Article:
Gov't can't tax the country into prosperity
Few would argue that we, as a nation, are where we could be. Jamaica needs a politically engaged middle class as the corrective force. As a group, the middle class has often seemed unmoved by Jamaica's many societal problems; more determined to remain secluded inside the comfort of its self-imposed bubble.
Each day more people who identified themselves as middle class have had to face the unnerving truth that they are now on the brink of extinction. The middle class has vast economic clout, yet often remains politically marginalised in a huge democracy where the politically illiterate masses still dominate the outcome of elections and the moneyed class has the ear of politicians. For politicians, Jamaica has primarily become a site of extraction, a fight over scarce benefit and spoils while trying to secure legitimacy and power.
The minister of finance, on April 17, 2014, glibly introduced $6.7 billion of new taxes. Some $2.25 billion is expected to come from the aptly dubbed withdrawal tax: "The new tax, which will be a levy on withdrawals from deposit-taking institutions and security dealers, will be calculated on a graduated rate system, with withdrawals less than one million being subjected to a 0.1 per cent tax and five million or more subjected to 0.09 per cent tax."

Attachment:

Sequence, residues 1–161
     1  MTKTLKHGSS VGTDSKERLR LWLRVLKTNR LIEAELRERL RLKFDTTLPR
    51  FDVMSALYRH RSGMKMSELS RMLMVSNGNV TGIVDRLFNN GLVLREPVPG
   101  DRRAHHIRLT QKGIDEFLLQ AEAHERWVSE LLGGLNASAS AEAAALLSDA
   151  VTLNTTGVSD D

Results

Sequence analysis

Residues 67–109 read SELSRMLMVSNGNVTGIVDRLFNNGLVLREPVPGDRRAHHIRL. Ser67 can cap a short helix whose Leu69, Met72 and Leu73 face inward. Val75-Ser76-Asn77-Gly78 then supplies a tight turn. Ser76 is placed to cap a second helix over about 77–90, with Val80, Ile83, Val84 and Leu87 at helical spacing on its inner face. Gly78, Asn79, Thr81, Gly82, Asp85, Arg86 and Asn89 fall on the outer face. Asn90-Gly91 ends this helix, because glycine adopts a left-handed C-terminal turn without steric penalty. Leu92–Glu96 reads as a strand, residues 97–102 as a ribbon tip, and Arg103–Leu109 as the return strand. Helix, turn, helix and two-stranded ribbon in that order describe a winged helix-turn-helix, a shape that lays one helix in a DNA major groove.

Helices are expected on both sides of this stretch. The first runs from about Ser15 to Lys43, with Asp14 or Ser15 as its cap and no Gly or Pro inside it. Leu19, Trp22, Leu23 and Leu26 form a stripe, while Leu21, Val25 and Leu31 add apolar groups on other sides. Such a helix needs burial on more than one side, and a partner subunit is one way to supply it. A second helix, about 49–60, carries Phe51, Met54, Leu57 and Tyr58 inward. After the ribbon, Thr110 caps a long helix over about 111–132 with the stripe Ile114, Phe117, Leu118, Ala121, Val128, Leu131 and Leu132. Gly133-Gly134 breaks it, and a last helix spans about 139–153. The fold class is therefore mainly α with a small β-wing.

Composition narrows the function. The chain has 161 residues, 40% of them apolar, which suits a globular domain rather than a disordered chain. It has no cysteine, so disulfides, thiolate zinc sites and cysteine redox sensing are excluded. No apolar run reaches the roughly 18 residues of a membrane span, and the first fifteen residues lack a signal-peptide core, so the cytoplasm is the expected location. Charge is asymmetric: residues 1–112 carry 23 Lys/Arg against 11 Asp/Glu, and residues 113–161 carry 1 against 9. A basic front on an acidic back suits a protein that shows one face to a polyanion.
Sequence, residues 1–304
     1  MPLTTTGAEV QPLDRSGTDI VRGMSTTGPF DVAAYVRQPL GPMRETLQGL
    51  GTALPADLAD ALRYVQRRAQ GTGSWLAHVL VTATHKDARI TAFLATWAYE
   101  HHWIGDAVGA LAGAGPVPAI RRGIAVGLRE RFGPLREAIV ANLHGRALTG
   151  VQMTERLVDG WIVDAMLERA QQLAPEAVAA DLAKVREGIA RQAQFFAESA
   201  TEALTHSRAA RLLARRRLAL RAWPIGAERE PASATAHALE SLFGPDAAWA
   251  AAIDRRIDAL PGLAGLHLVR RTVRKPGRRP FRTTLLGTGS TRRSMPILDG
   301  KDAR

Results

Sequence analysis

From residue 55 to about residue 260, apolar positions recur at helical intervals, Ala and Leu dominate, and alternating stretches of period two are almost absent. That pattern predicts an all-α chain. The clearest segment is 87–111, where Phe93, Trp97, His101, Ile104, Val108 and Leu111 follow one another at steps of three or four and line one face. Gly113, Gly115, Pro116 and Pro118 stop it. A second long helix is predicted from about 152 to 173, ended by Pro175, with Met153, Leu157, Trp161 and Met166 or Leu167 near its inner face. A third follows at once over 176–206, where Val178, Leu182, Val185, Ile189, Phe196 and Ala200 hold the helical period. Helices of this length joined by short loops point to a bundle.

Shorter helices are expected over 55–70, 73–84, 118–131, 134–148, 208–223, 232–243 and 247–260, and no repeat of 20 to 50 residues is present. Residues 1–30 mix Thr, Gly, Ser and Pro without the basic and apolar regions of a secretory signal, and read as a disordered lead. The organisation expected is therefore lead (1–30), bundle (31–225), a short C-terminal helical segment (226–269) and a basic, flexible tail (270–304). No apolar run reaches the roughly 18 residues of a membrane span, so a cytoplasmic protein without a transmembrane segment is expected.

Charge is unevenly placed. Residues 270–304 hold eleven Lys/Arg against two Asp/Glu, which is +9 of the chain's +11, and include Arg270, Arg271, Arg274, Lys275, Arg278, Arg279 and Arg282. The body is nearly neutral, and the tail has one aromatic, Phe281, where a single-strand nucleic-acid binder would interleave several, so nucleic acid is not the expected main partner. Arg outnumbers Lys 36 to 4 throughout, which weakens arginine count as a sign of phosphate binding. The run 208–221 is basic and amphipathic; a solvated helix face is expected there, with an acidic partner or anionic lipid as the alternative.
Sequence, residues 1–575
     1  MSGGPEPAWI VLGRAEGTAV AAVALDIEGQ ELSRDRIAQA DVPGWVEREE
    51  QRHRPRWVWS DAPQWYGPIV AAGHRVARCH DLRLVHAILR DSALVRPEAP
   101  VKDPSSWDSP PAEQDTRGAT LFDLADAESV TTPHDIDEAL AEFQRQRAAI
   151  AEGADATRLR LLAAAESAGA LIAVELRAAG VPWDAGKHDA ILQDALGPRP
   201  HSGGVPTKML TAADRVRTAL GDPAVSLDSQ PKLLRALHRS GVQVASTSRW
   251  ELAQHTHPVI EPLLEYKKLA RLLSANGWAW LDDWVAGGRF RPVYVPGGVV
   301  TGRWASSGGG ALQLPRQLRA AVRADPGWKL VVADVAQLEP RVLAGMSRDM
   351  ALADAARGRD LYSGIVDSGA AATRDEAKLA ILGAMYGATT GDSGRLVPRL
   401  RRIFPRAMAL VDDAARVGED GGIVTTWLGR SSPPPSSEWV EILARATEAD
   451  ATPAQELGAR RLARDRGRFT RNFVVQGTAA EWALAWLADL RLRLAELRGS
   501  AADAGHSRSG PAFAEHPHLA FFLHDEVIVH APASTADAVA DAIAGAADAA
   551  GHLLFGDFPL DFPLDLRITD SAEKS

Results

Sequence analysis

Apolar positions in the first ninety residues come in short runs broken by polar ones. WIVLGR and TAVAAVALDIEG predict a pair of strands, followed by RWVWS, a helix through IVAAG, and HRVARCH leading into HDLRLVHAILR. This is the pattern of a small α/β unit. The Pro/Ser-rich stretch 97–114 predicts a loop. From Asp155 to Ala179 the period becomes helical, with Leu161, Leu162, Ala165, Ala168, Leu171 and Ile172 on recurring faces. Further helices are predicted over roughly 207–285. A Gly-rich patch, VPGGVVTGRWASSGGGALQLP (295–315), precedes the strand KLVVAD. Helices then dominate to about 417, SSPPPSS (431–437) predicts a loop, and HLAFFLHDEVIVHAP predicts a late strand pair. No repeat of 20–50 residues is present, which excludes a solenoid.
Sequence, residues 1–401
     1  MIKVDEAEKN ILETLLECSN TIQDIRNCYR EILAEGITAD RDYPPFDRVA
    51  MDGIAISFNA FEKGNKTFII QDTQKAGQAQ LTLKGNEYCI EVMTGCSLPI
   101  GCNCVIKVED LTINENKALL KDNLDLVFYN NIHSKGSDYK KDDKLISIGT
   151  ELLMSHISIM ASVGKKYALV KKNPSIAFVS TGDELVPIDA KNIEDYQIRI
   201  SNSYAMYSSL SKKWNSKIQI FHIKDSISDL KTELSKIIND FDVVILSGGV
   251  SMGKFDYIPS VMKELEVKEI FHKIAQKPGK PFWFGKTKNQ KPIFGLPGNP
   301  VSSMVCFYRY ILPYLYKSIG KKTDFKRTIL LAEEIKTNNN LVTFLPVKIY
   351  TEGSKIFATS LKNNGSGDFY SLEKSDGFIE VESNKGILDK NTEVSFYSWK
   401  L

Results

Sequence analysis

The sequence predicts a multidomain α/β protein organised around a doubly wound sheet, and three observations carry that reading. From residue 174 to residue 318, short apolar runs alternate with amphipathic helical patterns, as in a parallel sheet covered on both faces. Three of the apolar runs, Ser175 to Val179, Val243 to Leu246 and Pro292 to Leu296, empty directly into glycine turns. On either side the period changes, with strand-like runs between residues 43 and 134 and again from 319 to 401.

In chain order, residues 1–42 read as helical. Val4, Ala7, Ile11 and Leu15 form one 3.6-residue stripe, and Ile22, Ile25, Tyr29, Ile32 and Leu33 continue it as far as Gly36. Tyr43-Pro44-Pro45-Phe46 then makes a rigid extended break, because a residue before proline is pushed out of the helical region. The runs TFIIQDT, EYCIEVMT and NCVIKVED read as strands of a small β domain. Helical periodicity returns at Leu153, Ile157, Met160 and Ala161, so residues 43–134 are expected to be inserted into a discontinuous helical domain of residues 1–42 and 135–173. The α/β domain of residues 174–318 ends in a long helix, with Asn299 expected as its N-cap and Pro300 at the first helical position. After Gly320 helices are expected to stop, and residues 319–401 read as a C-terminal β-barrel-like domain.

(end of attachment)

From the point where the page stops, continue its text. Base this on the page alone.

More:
I find it very troubling that the Government would implement new taxes while reportedly not collecting $5.4b from 11 entities. The response offered by various government officials, which include Her Worship Angela Brown Burke and Damion Crawford, suggest that it is a nominal amount and we can afford it, but can we really?
Consider that, according to the 2013 recommendations of the Incentive Working Group, there were over 62,000 companies registered with the Companies Office in 2012, 10,239 corporate income tax returns were filed for year of assessment 2011; and of those only 3,780 returns reported a profit. We have a significant tax compliance issue.
Instead of implementing reform that would ease the burden on the compliant taxpayers, the government has taken the easy route -- tax us some more and figure out what to do with the evaders some other time. Entrepreneurship is stifled by this onerous taxation. The determined entrepreneur must manoeuvre bureaucratic red tape, underpaid and demotivated public servants. We cannot tax our country into prosperity, neither can we target the same set of individuals. The only solution to growth is a vibrant middle class; one that does not bear the disproportionate tax burden and has no unreasonable bureaucracy.
I implore the minister to consider among his options a flat GCT of 12.5% to all items; lowering the income tax rate to encourage the almost two thirds of the workforce who are unregistered to become a part of the income tax network; removing the anti-business Minimum Business Tax (MBT) which became effective April 1, 2014; and lowering the corporate tax rate to boost compliance.
We have complained enough. Perhaps it's time for some type of action.